But when that aerobic route isn’t available, you need a different way for NADH to pass off its electrons. And this is the situation faced by the yeast. So they have to find something else to pass their electrons off to, and decide that acetaldehyde will do. When they pass an electron to acetaldehyde, that reduces acetaldehyde to ethanol (and oxidizes NADH back to NAD⁺ in the process). No energy is generated in this fermentation part of the cycle, it just regenerates the NAD+ so glycolysis can make more.

Another thing it generates: carbon dioxide (CO₂) gas. When fermentation happens in bread dough, proteins in the dough trap the air inside. And when you bake the bread the alcohol evaporated out. The same fermentation reactions happen when you make wine but the gas escapes and the ethanol stays (another difference is that, instead of flour, wine starts with grapes. The leaves and other green parts of plants like grape plants make sugar from sunlight & CO₂. They make a double-sugar called sucrose, and then an enzyme called INVERTASE cuts that sucrose into its 2 component single sugars (monosaccharides) glucose and fructose, which the yeast can go to work on. 

Yeast were the “original” leavening agents Passover traditionally avoids, but they’re not the only way to get gas. You can use CHEMICAL LEAVENING AGENTS to produce CO₂ bubbles in your dough by utilizing acid/base chemistry. Before you get confused, let me briefly review something that can be confusing (I know it confused me when I was learning chemistry!)

Before I said that a proton is a positively-charged subatomic particle – and it is – when a proton is part of an atom it’s just one part of that atom (chilling with neutrons and electrons). And, it’s the number of protons that actually defines an atom (e.g. oxygen is defined as an atom with 8 protons and carbon’s an atom with 6 protons). But protons can also hang out by themselves – and/or get swapped between molecules and, since hydrogen is defined as an atom with a single proton, if you have hydrogen without an electron, you just have a proton. So proton = H⁺. If something donates a proton, we call it an acid and if something accepts a proton, we call it a base. pH is a measure of how many free protons are hanging out in a solution (the more H⁺, the more acidic, but the lower the pH because it’s an inverse log).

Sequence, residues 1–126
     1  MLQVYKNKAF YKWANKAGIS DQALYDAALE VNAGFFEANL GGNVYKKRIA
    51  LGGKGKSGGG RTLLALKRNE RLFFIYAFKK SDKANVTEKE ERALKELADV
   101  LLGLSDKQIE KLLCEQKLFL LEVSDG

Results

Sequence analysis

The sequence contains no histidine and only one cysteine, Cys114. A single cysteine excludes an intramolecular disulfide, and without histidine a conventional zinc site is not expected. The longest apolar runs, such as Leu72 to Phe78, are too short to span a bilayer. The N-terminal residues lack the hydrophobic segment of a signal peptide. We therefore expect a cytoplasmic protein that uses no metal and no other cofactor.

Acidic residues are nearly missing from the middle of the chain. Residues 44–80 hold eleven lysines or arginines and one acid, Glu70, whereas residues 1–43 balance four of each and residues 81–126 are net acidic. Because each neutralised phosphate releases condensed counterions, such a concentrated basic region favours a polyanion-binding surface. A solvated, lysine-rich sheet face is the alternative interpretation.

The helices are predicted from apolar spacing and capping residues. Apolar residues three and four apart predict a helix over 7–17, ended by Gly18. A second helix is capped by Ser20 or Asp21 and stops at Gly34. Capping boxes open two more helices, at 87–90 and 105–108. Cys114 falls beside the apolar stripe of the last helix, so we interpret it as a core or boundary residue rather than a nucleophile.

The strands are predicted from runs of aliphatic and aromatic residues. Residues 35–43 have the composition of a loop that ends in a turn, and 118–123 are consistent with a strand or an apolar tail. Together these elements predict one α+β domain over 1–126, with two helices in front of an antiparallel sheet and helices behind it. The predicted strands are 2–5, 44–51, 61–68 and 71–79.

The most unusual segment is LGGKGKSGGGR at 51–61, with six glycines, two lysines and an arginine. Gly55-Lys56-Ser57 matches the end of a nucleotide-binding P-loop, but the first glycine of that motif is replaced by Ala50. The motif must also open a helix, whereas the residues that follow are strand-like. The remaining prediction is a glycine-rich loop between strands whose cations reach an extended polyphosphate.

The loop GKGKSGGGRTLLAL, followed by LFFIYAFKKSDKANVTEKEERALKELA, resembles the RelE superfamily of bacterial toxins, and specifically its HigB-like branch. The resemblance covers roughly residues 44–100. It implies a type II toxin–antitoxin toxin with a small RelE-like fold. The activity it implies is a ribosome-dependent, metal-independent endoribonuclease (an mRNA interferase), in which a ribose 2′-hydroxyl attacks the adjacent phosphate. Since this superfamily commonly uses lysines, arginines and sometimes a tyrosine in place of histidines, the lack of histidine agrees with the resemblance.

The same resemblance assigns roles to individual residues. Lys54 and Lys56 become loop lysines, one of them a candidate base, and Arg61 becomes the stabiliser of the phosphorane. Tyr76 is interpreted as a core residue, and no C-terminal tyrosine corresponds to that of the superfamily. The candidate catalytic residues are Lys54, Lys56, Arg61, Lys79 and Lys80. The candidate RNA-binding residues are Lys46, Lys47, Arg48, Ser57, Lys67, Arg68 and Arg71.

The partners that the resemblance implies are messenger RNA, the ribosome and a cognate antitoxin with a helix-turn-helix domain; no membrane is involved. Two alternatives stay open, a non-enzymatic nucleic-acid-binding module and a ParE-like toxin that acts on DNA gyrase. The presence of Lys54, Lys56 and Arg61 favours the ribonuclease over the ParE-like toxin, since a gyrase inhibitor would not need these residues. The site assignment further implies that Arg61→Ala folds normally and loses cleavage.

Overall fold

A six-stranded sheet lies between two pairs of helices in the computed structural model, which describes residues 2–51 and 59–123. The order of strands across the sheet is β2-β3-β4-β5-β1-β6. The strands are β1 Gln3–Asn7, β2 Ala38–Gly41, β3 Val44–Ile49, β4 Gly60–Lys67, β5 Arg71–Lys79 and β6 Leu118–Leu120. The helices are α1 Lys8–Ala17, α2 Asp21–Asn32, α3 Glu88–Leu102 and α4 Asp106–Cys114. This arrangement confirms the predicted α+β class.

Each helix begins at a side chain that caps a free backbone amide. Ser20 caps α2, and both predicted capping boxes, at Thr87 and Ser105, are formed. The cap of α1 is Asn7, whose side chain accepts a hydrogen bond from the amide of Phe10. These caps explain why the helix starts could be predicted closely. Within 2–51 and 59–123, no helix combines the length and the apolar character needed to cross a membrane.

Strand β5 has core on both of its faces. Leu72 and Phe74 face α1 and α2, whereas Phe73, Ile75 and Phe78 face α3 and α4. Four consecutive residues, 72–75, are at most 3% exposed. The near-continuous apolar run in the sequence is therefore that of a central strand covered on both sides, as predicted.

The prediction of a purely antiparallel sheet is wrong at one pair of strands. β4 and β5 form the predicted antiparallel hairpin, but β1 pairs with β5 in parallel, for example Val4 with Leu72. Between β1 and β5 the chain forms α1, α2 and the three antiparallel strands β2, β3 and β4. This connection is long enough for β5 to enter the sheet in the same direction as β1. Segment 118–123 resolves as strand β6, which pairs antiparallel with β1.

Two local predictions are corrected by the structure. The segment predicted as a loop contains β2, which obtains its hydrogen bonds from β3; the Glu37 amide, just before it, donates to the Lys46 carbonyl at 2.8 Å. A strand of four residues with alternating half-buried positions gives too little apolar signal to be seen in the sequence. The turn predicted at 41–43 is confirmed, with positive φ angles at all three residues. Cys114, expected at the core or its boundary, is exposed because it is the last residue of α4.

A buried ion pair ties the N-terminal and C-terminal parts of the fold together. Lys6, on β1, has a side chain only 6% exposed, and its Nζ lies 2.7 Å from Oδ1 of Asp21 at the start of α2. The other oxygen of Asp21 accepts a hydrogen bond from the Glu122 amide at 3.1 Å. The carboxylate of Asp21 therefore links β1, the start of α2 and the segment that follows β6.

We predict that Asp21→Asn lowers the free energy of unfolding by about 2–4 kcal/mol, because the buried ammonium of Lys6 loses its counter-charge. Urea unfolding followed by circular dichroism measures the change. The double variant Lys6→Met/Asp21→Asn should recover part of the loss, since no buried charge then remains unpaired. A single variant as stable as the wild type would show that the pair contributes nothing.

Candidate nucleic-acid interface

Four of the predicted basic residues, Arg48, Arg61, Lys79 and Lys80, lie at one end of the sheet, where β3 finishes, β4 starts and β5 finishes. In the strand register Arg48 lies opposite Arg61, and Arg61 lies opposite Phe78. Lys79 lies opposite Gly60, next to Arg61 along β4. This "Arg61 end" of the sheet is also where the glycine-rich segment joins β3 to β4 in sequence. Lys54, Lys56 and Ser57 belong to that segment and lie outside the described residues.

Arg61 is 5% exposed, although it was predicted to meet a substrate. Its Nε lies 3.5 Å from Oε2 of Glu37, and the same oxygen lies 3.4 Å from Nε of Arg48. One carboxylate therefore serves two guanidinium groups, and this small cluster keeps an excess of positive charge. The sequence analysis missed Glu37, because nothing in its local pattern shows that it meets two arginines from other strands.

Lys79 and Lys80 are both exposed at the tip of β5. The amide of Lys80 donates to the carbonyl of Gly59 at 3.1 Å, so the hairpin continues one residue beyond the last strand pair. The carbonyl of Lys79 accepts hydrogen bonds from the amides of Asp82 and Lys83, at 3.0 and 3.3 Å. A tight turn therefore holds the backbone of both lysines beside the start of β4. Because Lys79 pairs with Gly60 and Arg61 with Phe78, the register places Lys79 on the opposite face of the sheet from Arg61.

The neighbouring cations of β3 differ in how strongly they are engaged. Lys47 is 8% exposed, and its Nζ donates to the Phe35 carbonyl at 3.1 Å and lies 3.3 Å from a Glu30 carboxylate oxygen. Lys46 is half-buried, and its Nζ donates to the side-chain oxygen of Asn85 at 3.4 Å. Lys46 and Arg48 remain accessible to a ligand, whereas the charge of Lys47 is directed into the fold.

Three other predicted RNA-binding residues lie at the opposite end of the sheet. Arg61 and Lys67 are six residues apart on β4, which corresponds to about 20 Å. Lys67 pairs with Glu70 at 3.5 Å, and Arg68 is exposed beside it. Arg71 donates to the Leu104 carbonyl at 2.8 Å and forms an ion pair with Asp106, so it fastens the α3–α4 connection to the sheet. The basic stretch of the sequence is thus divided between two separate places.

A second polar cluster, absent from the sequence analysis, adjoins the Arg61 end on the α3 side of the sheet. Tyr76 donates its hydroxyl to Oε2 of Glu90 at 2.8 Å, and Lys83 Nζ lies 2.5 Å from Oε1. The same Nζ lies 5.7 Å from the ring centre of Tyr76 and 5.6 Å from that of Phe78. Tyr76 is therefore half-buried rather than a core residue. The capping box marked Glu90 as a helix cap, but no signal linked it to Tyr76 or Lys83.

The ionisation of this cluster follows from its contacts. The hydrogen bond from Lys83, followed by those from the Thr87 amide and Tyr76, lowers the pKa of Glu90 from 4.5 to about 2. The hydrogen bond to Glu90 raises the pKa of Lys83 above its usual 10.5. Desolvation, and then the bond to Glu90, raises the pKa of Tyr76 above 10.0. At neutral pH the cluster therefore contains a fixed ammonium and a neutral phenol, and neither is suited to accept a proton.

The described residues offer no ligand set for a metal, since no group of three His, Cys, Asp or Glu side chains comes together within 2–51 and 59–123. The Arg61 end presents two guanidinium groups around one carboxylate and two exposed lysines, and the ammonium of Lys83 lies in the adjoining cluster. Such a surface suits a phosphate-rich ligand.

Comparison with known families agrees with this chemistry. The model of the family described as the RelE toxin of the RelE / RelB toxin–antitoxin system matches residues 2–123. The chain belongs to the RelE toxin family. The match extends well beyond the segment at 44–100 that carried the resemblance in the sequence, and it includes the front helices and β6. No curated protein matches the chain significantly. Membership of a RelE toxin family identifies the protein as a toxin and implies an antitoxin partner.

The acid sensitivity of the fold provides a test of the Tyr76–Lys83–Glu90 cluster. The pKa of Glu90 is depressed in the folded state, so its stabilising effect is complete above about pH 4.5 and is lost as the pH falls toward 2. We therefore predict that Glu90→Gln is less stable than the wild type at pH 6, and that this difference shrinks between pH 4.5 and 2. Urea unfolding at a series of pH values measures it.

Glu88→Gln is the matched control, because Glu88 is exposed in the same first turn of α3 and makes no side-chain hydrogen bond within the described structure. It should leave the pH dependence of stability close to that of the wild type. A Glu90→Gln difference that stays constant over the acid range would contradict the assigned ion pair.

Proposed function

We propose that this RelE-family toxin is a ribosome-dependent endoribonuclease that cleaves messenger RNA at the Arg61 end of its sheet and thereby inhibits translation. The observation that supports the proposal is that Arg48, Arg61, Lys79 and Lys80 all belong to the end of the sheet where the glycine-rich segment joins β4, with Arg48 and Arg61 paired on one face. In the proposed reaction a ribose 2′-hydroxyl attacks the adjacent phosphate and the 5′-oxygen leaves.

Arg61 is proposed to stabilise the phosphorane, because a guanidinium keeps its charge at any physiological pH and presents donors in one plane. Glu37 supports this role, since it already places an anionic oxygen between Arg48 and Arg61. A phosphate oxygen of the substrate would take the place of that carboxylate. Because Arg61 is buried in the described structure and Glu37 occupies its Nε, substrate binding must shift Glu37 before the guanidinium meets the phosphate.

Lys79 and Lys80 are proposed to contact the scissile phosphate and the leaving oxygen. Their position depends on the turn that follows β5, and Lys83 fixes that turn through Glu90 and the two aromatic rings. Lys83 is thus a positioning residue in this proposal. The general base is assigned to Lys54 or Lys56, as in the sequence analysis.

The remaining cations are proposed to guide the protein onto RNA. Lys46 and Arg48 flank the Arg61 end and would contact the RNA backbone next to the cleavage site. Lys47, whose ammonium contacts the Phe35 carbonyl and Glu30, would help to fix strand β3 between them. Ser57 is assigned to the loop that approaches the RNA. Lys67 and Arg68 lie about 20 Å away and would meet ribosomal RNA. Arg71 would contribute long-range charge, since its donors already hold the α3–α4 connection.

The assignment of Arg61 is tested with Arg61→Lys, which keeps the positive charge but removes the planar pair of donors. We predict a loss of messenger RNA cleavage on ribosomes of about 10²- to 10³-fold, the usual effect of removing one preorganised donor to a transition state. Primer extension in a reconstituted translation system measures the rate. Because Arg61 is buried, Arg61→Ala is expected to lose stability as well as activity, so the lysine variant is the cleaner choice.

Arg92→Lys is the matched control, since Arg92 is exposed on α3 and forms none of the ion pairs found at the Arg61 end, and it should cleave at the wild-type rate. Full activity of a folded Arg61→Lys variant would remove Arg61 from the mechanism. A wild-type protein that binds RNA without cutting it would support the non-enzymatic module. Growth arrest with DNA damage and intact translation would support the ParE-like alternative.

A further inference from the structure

So, back to our baking (or not baking) story… Let’s look at a couple common leavening agents we’re told to leave out for Passover: baking soda & baking powder

BAKING SODA (sodium bicarbonate) is a base (proton (H⁺) stealer). It steals protons and gives off carbon dioxide gas. It needs something to give up the protons (an acid). So you have to give it one (some common ones are buttermilk, brown sugar, yogurt, lemon juice, vinegar, cream of tartar, molasses, applesauce, or honey). You want there to be the right ratios or you’ll have to much acid -> sour or too much base -> metallic/soapy.

BAKING POWDER is baking soda with acid(s) included as well as an “inert” (nonreactive) part (often cornstarch) that keeps the reaction from starting (and using up its usefulness) before you’re ready. The “usefulness” in terms of gas generated is determined by how much baking soda there is. But the real usefulness in baking comes from the type of acid, which determines how quickly that gas will be released – you don’t want it all to be released before the dough’s ready to set.

The base (baking powder) needs the acid in order to make the gas, but they can’t “meet” until they’re both dissolved in water because in their solid forms they’re salts, meaning that they have oppositely-charged “counter ions” bound to them & thus “hiding them”. So baking powder isn’t activated until it gets wet. The cornstarch is there to absorbs moisture from the air so the active components don’t.

Most commercial baking powders are “double-acting” – they have 2 bursts of activation – one when you get it wet and a second when you heat it up. for example, in Clabber Girl baking powder, you have 4 ingredients: sodium bicarbonate (baking soda); monocalcium phosphate (MCP); sodium aluminum sulfate (SAS); and cornstarch

  • MCP is “fast-acting” – it reacts with the baking soda when you get them wet – this sets up a network of mini gas bubbles and when you knead the bread you help spread them out evenly so that when the second acid, SAS, starts producing gases those gases can expand those existing bubbles which are nicely spread out
  • since SAS is less eager to react, it won’t do so until you heat it up. Heating helps it dissolve -> gives the molecules more energy to wiggle loose from their countering shields

Gas formation can come from mechanical sources – think RediWhip can – decompress compressed air

Bottom line: at Passover we eat matzoh which is bread that’s cooked before the yeast can make it rise. So it stays unleavened like a big thin cracker. So we avoid that useful yeastiness. But we drink lots of wine (I stick with water). So yeast still make their mark this holiday.

Happy Passover everyone!